Solexa Strenghthens IP Portfolio Around Sequencing by Ligation
News Mar 24, 2006
Solexa, Inc. has announced that the United States Patent and Trademark Office (USPTO) has granted the Company a key patent that enhances its long-standing portfolio of intellectual property (IP) around the use of microbeads for applications such as sequencing by ligation.
Solexa has substantial IP in both sequencing by ligation and sequencing by synthesis.
The Company continues to develop and broaden its IP position in both fields and the newly granted patent, US6,969,488, is the latest in a continuing family of patents on bead arrays that, along with US patents US6,172,218 and US6,306,597, cover the use of microbeads for sequencing by ligation in a variety of devices, media and systems.
"The granting of our latest patent around bead-based sequencing technologies reflects the emphasis we place on continuing to develop and strengthen our entire IP portfolio, including the extensive IP assets developed at Lynx Therapeutics prior to our business combination," stated John West, chief executive officer of Solexa.
"We believe our pioneering developments in the area of bead-based sequencing by ligation are valuable assets that provide us with additional technology development options as well as strategic licensing opportunities."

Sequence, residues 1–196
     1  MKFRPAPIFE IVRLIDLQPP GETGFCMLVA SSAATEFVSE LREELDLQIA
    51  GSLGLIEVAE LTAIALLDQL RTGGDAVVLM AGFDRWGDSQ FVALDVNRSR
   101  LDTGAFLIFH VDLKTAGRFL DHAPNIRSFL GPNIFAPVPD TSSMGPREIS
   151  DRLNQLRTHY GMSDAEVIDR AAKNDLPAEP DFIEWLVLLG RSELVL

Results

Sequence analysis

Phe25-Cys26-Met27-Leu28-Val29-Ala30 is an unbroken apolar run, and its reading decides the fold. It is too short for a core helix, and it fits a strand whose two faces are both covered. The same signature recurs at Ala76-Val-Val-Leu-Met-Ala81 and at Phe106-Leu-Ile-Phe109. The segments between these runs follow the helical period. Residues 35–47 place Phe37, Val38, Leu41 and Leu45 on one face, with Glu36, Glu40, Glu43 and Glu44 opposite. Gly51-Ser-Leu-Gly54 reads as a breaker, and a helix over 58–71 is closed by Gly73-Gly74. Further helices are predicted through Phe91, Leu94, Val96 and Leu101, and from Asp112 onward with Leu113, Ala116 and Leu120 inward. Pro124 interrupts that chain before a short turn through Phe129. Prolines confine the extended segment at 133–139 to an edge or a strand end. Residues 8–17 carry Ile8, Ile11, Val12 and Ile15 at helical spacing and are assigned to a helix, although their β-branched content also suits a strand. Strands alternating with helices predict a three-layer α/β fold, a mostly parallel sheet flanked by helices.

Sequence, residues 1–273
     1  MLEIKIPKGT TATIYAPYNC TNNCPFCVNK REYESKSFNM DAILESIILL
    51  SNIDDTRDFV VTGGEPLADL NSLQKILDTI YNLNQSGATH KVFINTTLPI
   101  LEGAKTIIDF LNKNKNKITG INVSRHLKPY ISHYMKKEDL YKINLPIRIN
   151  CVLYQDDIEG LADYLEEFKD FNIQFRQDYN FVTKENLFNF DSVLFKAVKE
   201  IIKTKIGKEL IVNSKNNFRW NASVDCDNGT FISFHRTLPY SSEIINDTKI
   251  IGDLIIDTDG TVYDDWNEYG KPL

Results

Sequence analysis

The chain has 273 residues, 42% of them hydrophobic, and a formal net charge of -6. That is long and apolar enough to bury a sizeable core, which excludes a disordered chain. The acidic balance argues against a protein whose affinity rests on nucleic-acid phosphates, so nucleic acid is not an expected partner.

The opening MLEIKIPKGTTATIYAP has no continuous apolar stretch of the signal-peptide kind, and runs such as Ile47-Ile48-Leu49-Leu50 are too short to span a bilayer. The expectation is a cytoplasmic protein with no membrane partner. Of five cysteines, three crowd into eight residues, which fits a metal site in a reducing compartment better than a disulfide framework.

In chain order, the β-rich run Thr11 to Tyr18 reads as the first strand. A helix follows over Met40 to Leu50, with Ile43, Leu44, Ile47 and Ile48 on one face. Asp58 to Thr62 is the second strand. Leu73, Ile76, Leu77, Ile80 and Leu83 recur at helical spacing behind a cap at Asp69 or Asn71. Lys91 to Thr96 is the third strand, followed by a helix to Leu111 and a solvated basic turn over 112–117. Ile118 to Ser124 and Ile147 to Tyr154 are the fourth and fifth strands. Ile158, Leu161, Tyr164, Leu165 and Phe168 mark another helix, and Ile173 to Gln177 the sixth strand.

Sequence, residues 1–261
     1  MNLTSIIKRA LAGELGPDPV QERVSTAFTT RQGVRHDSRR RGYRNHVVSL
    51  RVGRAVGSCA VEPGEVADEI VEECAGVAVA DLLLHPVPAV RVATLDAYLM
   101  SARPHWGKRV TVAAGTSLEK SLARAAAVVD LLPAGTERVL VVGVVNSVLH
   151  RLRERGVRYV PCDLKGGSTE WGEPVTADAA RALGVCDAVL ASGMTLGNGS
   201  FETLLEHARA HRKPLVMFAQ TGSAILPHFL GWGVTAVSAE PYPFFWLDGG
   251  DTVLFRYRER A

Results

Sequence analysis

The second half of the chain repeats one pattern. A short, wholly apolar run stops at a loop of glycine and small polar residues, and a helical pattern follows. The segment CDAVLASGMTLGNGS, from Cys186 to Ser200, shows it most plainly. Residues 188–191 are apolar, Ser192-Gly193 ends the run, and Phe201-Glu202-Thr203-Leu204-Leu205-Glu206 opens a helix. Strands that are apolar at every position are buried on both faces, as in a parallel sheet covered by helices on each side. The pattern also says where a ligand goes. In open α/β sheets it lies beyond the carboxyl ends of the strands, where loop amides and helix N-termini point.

US6,172,218 covers mixtures of beads containing different DNA fragments on each bead, and US6,306,597 covers a method for sequencing polynucleotides using repeated cycles of ligation chemistry.
The Company has been investigating and developing technologies around the use of microbeads in sequencing by ligation since 1994, when it filed its first IP in this area.
Although Solexa is currently focused on commercializing a system based on its Clonal Single Molecule Array™ technology, the Company continues to expand its IP around the use of bead-based ligation-mediated approaches for sequencing in order to broaden its technology base.
As genome editing technologies advance toward clinical therapies, they are raising hopes of a completely new way to treat disease. However, challenges need to be addressed before potential treatments can be widely used in patients. To tackle these challenges, the National Institutes of Health has launched the Somatic Cell Genome Editing program, which has awarded multiple grants including more than $3.6 million to assess the safety of genome editing in human cells and tissues.